Say you’re sorry.

Say you’re sorry.

It was a mantra of sorts growing up in my house. Knowing when and how to apologize sincerely … when mistakes are made, when you know you did something that was hurtful or wrong … is a good thing. Manners are a good thing in any family, and a sincere apology goes a long way toward rebuilding trust and harmony.

But let’s not take it too far.

Anything that becomes rote becomes mindless.

I was deep in a conversation with a friend the other day when things touched a nerve and emotions came to the surface. She immediately apologized, something I think so many of do when the tears well up.

We don’t want to make others uncomfortable, or think maybe they said or did something wrong. That’s admirable, but not apology-worthy.

Apologizing for an honest reaction, a raw emotion, diminishes the value of that emotion. It also diminishes the receiver of the apology, in an interesting way. When someone feels safe enough around me to have those raw moments, without fear of me judging them, I’m honored, not chagrined. I can handle your tears, your fears, your insecurities just as well as I can handle your joy and your laughter.

When “sorry not sorry” became an internet trope, it encapsulated our collective need to own our feelings, share our thoughts, without prejudging them on our own behalf.

You want to cry? Cool.

You’re mad as hell? Awesome.

You’re so confused you don’t even know what you feel? Been there.

We all have dreams and desires and wishes and needs that others can only guess at. Let’s stop assuming that these are something we ought to apologize for.

So don’t jump right to the apology. If you’re about to get all Level 10 emotional, a little heads up might be in order, but an apology in definitely not required.

Love the heart that beats inside you.

Carol Pearson is the author of 10 Little Rules for a Blissy Life and the founder of the 10 Little Rules Books Series.

 

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Bliss … at a time like this

Bliss … at a time like this

Okay, I get it. I’ve not been myself lately.

I’ve been short-tempered, easily rattled, unfocused and anxious. I haven’t been sleeping well, and I’m tired. Not physically tired (although that too), but deep down emotionally tired … from all of it.

These are not normal times. These are not easy days. And the people closest to me bear the brunt of my less-than-blissy vibe.

I’d apologize, but I don’t think that’s really called for. I’m not doing this intentionally, or aimed at anyone in particular. In fact, when I feel this way my instinct is to curl up, stay offline, keep away from humans so I don’t inflict my whatever this is on them.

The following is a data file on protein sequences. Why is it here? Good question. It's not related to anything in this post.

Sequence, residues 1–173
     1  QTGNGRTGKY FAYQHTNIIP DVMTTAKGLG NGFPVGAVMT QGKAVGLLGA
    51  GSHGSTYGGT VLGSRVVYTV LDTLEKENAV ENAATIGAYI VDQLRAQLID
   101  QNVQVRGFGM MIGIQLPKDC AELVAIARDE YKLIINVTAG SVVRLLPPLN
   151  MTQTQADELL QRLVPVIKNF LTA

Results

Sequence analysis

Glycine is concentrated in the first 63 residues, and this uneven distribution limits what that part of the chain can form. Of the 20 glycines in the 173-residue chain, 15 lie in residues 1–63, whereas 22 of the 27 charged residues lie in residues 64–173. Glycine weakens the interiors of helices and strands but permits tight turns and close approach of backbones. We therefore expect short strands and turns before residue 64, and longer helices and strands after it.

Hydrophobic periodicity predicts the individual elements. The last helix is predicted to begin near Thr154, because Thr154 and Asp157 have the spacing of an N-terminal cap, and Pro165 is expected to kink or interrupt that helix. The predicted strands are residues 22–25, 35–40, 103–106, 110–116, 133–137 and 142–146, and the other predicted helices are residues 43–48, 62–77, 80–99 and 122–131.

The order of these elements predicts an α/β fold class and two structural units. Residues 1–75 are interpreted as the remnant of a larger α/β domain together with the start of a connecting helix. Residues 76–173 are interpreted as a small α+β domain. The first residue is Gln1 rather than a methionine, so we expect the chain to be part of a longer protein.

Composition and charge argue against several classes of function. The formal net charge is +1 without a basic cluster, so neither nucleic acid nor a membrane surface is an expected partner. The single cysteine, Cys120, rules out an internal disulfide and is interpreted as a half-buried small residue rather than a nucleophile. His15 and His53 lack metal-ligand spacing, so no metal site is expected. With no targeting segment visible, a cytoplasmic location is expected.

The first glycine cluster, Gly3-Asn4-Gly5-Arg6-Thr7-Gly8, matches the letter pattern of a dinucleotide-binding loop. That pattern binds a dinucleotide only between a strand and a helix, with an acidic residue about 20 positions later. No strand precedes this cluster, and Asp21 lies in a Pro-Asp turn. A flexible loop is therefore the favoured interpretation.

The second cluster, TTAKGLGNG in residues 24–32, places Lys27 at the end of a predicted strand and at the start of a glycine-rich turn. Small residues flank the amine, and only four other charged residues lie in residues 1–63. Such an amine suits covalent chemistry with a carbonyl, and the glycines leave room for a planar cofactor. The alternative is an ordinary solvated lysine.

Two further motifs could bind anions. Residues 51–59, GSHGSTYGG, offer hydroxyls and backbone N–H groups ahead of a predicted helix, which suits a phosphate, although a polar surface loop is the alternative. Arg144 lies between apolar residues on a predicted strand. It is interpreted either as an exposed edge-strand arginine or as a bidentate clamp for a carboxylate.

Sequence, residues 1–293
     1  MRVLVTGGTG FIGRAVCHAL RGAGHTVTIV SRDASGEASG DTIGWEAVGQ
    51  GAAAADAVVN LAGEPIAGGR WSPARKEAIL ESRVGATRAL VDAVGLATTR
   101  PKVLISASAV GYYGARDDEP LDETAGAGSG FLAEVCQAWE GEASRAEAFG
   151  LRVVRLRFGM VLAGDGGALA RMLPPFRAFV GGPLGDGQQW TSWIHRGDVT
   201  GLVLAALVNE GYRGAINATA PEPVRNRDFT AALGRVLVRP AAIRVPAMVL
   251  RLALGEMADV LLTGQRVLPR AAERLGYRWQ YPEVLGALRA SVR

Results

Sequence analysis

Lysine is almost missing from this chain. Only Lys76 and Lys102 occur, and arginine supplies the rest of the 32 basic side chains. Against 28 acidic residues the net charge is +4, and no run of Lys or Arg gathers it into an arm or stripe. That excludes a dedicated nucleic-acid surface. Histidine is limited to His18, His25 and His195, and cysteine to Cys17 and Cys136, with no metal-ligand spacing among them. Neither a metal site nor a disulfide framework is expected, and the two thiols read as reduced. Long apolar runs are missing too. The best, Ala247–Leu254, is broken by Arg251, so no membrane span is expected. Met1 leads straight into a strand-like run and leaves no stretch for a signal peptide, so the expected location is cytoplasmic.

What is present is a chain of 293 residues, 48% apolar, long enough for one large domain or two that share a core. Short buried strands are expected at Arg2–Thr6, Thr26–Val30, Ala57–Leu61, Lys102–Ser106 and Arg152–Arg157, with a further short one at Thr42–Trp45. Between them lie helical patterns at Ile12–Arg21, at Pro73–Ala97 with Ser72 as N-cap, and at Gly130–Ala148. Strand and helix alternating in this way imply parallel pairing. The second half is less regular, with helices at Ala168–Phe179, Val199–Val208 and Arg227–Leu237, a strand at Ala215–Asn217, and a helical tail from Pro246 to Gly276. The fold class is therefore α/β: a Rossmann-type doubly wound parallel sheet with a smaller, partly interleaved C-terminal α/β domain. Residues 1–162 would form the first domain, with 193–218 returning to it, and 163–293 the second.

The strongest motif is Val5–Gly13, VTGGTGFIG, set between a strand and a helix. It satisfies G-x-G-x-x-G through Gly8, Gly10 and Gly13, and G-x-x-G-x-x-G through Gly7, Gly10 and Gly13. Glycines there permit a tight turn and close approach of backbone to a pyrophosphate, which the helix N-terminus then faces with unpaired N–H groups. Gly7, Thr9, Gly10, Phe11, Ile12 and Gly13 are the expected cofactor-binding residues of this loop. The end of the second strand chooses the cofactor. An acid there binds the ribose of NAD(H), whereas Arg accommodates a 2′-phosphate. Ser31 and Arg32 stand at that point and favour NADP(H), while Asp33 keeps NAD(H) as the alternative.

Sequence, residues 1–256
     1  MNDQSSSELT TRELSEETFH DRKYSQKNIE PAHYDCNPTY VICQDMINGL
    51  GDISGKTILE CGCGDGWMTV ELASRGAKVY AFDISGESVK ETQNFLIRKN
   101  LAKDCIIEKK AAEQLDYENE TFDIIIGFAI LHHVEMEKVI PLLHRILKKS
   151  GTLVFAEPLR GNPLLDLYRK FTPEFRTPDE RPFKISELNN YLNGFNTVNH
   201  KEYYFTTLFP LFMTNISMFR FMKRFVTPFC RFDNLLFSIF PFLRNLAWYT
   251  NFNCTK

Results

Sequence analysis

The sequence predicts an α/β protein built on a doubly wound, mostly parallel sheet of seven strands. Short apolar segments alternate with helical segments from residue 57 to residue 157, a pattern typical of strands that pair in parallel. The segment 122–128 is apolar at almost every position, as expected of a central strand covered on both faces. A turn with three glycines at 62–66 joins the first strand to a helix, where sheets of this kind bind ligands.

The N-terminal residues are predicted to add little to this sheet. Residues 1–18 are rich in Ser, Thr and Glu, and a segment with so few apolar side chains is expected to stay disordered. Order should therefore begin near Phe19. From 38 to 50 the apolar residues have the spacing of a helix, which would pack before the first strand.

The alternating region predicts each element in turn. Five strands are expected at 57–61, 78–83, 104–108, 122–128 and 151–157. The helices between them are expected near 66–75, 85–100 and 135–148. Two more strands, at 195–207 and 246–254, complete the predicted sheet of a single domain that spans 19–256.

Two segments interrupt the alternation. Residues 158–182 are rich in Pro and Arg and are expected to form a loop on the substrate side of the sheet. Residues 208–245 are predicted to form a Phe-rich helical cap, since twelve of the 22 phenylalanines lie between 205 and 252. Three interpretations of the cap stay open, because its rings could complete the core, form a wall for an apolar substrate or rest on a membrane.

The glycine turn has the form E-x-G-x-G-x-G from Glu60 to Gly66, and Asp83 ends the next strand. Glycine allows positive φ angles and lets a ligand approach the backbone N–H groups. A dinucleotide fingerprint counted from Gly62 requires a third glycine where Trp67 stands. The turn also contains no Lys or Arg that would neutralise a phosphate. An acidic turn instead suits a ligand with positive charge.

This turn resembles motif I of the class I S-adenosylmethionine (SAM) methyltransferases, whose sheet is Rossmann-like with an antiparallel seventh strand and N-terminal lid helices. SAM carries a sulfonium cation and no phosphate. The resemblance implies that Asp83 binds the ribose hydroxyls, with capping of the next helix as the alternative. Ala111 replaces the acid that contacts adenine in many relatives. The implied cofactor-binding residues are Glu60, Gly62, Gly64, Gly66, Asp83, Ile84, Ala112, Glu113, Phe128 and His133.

To be sure, there have been some really great times this past year. For several days around the holidays, my heart was full, light, happy and peaceful. We laughed; we played games with family online, and at home at the kitchen table. What I expected would be a difficult Christmas was actually quite wonderful in a totally unexpected way. That was nice.

There was a wedding (pandemic style, during the fall “lull” … a grand baby born on Christmas Day (we will see her soon, I pray!) and an engagement. Life went on … in spite of the pandemic, the social upheaval, the politics.

Even when I lost my Dad in October, we were able to gather safely as a family and have a private service. I know this is far more than many families have had recently, and I am so grateful for that gathering, the love and the healing that will forever be Dad’s legacy.

Then last week happened. Something changed. What seemed a remote possibility became horribly real. Enough people disagree with the rule of law in this country that the seat of our government was breached, vandalized. People died. It was gutting to watch it unfold in real time.

So you’ll forgive me if I forget my bliss, yes? Because at the heart of all of this, the rules still hold true. I’m better when I spend time each day getting to source, listening to my heart, feeling then deciding. It’s just that what I’m hearing and feeling isn’t bliss. And that has to be okay. For now.

What we are going through now will become our history … this country’s and our own personal stories. We will not emerge from this unchanged. How can we? But I will find my bliss; I will not give up that quest. I will not give up on us, on you, on our country, on humanity.

I was made for these times. To quote Dr. Clarissa Pinkola Estes, “Soul on deck shines like in dark times.” I will continue to shine … even if there are days when my light is dim.

Carol Pearson is the founder of the 10 Little Rules book series, and the author of 10 Little Rules for a Blissy Life, available at www.10littlerules.com, on Amazon, and at select retail stores. Follow 10 Little Rules on Facebook, Instagram, Pinterest and LinkedIn.

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